The role of guns in America can be explained by its history and Constitution

The French love history and the Marquis de Lafayette is a hero in French history for having fought alongside the Americans. The historical argument will remind the French. Recall that colonial England prohibited colonists to be armed, for fear of rebellion. During the War of Independence, the colonists created armed militias that remained after the war and became the US Army.

When they created the country, the “Founding Fathers” put “A well regulated militia being necessary to the security of a free state, the right of the people to keep and bear arms shall not be infringed.” in the constitution. It’s therefore a constitutional right fundamentally anchored in American DNA. It is more widely known as the second amendment.

As Thomas Walati, a blog reader commented on LinkedIn “the United States has a very long cultural history of owning guns: Revolutionary War, hunting for survival, very large and very hostile rural areas (larger then Germany & France put together) without regulated laws and police or the expansion into the American West. These have been tied with owning guns and weapons.”

And now, here are some facts to appease the Germans. The right to bear arms is protected by the Constitution’s second amendment. But most foreigners don’t know that each State, and to some degree local governments, can restrict this right. For example, New York City probably has the strictest legislation as it prohibits regular citizens from owning guns, even for protection.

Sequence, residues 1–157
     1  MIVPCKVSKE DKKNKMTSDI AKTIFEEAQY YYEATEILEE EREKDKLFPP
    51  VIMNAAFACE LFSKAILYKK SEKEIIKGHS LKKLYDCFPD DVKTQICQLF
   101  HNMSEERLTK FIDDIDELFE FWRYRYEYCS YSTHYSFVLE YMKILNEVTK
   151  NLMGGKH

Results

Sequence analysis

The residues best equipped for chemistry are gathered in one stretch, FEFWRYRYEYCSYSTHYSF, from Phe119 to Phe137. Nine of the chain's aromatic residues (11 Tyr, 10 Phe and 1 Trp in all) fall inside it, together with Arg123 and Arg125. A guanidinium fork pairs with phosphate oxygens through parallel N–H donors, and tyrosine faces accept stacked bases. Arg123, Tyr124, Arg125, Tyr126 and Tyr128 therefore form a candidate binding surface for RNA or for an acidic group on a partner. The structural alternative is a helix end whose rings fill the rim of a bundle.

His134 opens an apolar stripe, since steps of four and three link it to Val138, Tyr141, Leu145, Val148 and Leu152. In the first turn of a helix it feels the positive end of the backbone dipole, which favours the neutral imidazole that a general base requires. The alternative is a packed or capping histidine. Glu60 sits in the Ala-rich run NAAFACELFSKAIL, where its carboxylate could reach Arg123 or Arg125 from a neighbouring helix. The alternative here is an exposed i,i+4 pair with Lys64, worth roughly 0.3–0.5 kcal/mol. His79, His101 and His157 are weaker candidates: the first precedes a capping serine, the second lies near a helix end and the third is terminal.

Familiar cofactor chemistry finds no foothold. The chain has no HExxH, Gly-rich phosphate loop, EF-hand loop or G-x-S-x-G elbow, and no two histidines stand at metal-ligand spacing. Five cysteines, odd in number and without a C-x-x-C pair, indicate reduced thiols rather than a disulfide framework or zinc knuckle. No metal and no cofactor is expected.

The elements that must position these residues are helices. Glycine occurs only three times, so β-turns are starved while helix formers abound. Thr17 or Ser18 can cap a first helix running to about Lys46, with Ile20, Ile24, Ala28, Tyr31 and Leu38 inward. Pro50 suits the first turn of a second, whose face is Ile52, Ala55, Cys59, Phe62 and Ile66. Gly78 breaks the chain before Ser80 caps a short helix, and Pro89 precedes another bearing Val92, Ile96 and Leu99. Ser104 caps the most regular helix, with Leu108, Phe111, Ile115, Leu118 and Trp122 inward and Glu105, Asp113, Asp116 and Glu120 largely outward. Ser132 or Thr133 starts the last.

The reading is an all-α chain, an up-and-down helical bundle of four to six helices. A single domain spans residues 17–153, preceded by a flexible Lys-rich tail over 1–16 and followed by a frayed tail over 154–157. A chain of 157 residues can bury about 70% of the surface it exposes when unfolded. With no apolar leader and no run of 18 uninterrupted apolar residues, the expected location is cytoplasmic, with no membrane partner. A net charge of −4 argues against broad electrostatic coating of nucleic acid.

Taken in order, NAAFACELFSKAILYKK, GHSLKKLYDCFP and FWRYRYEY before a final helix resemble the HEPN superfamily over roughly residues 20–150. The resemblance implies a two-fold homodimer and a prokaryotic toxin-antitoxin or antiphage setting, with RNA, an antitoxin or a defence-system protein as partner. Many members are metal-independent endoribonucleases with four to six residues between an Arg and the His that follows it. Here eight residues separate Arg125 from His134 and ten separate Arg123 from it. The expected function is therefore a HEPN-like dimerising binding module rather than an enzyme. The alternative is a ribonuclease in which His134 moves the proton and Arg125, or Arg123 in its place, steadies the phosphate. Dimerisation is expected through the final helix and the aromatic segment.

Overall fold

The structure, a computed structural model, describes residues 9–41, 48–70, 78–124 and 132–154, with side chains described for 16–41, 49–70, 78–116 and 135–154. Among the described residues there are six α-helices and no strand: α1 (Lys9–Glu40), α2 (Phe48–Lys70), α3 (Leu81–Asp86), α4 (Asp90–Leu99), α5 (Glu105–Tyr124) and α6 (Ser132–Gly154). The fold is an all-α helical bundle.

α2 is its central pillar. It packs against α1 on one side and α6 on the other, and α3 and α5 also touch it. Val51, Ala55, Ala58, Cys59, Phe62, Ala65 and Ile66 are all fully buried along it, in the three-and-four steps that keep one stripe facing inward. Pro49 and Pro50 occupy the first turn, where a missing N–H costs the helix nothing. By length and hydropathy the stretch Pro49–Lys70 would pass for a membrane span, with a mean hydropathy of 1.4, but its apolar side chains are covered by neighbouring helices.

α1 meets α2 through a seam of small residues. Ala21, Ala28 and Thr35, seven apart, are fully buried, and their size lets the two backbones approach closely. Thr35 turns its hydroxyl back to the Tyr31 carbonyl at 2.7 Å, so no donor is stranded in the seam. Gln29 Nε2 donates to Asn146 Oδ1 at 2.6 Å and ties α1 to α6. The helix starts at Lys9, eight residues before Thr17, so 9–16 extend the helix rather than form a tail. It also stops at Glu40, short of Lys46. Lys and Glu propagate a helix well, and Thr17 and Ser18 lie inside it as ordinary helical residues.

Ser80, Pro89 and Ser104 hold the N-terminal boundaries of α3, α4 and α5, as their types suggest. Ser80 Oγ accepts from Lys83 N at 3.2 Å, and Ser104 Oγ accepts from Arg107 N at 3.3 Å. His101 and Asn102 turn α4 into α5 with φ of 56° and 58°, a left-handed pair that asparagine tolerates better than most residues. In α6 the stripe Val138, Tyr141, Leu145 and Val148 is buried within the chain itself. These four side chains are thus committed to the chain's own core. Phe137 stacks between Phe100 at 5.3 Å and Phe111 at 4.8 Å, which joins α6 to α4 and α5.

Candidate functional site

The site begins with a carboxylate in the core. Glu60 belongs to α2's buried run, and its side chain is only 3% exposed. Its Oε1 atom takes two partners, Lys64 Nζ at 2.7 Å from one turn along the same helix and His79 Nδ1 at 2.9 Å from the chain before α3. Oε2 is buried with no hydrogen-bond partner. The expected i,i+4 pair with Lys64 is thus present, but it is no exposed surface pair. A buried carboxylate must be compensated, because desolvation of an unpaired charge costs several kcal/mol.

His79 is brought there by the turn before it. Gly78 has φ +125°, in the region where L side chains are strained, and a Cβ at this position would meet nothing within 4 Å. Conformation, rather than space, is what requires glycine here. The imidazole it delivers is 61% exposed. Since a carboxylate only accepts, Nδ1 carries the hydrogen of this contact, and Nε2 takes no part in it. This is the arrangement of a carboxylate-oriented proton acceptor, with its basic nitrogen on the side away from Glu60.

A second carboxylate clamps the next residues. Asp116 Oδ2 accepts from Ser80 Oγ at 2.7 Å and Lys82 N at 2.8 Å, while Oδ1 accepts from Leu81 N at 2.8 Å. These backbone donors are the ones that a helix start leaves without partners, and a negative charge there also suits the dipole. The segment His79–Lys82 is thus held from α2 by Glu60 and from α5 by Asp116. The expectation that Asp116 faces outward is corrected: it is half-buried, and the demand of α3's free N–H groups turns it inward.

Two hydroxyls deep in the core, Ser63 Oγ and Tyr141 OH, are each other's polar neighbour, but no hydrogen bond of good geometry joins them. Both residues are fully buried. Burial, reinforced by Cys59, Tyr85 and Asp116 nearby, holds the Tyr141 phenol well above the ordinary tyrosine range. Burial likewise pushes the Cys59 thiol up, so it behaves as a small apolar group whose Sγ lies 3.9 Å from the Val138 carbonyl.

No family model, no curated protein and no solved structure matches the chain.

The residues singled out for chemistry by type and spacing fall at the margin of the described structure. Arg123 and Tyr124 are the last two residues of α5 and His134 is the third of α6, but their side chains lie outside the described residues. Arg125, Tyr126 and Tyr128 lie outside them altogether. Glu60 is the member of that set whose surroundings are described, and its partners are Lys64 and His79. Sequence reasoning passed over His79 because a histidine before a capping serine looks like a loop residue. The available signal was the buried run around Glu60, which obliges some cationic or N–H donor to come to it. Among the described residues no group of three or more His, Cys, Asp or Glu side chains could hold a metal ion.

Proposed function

Let’s talk about interest groups in general

The term “lobbying” has a strong negative connotation in France and Germany. It is generally used to describe corporate interest groups. It doesn’t mean there’s no lobbying in Europe, but it’s referred to using other terms like institutional relations, public affairs, advocacy, etc.

The French and Germans will therefore be skeptical about the role of the National Rifle Association. It could help to put the NRA’s mission “To protect and defend the constitution of the United States” into context, ” as it supports the second amendment both historically and legally.

A final word

During my first year in Washington, I found Americans to be overprotective. Their children, at least not here in Washington, don’t walk to the school bus or take their bikes to go play sports, or use public transportation to get around at an age when the young French or Germans are already completely autonomous.

Three years of living the American life, even in a trendy Washington neighborhood, have opened my eyes to the violence in the United States. Last Friday, following a mall shooting, my three children’s schools were on lockdown for three hours.

In this post I have tried to understand arms supporters… I would probably need another century here before I could embrace their opinions. But Thomas made a point, commenting this post  on LinkedIn: “Americans are a self-governing people and have a right (not a privilege) to protect themselves, their family and ownership.”

I am also aware that Hollywood movies are not the product of the imaginations of feverish scriptwriters; they reflect everyday life. And even I think that some police officers are trigger happy, I still try to understand them. They do risk apprehending someone who is armed.

Photo credit by @olly